It can be easy to get caught up in the hype around a newly discovered “bargain” such that one finds onself willing to pay double or triple the original bargain price as you become increasingly convinced that this new find is really worth paying a premium. I only have one word for those who find themselves in this predicament: resist. While I can recommend my $9 BIC RTR 43-2 speakers very highly, they’re not the only decent cheap speakers on the planet. And if you find a pair but the seller wants $100 for the pair I have no apprehension advising you to walk away.
The T-Amp went though one of these cycles back when it was “discovered” in 2005. When the blogosphere went wild for it the few stores that had them online went out of stock quickly. Other less scrupulous stores starting marking them up to double or triple the original $30 price, and eBay sellers started fetching $100 or more as retail supplies became scarcer. Of course, supplies eventually replenished — that’s when I got mine. The whole point of the T-Amp was it’s low price, and momentary scarcity didn’t justify a higher price.
There is a certain DIY element to being a cheapskate audiophile — it’s about discovering your own values and hacking together systems that sound good to you. The opinions of other knowledgeable and experienced folk can help you in your journey. But in the end the choice is yours because you’re the one who will be listening and enjoying your system (I hope).
My last thought concerns the upgrade-itis that is often endemic to being a geek -phile. There always seems to be some newer, better, more expensive piece of gear that promises to make your system better or help you get one step closer to audio nirvana. I know first hand that it’s seductive, especially since the whole hi-fi industry is obviously geared towards getting you to buy new shit.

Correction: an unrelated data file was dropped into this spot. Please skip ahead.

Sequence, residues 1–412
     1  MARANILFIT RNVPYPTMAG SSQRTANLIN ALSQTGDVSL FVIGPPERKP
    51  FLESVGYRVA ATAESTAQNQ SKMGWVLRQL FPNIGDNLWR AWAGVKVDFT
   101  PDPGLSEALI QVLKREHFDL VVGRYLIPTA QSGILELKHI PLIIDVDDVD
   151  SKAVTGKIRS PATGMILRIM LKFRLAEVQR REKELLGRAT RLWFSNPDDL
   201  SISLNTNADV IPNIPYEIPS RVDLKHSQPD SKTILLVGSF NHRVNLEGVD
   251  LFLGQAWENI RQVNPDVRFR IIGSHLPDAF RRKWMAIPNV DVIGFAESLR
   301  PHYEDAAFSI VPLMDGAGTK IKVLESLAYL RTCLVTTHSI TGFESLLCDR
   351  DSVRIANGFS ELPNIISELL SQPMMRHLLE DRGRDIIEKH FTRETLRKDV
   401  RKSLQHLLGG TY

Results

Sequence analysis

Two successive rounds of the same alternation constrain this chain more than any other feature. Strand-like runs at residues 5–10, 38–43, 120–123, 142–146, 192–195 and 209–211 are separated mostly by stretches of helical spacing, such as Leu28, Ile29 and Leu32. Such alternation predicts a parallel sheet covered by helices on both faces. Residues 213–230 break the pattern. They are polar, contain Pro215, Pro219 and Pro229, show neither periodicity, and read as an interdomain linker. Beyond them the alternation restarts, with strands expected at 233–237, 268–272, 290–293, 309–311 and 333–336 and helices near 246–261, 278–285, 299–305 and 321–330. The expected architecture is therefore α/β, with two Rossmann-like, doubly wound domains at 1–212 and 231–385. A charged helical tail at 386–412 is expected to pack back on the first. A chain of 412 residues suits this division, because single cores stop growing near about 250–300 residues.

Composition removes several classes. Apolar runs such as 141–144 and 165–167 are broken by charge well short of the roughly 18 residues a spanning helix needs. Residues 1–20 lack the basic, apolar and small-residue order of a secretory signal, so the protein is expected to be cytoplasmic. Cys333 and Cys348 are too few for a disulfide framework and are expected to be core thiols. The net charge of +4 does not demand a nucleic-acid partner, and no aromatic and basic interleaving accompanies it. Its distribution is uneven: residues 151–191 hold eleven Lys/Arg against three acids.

The simple truth is, however, that you can be very happy with the gear you have, especially if you’re thoughtful when you select it. Sometimes all it takes is a fresh perspective on things. Rearrange the speakers to see how they sound in a different location. Or try listening to an album you haven’t heard in years. Maybe dig out an old piece of gear and hook it up to see how it sounds in your current system. Remember that what compelled me to write this rambling essay was rediscovering my old audio interface, plugging it in, and finding my little cheapskate system come that much more alive.
Another tip to you if you’re particularly susceptible to upgrading is to stay away from the hi-fi press, gadget blogs and the like, or take them in small doses. They’re all geared to the upgrade and replacement cycle that is modern disposable capitalism at its best. But it can’t affect you if you don’t read it. I used to subscribe to Stereophile magazine, until I realized that it just made me fantasize about expensive audio gear, resulting in me trying to convince myself I needed a $1000 integrated amp and that I could afford it. While I still page through it in the library or online every so often, it’s not a monthly immersion.
Most of us live in a capitalist consumerist economy, but that doesn’t mean we have to get in line and dutifully buy and upgrade, even if we like having nice sounding gear. There’s no shame or paradox in being a Cheapskate Audiophile. I’d argue there’s the potential of more enjoyment and satisfaction in being Cheapskate Audiophile, too. As a Cheapskate you spend more of your time listening to and enjoying your sound and music rather than paging through glossy magazines or reading blogs worrying about if your system sounds as good as it could, or fantasizing that your sound would be just a little more perfect if only you upgraded speakers.
So, go forth and listen!
And if you’re happy with the system you’ve got now, then step away from the computer and put on an album already!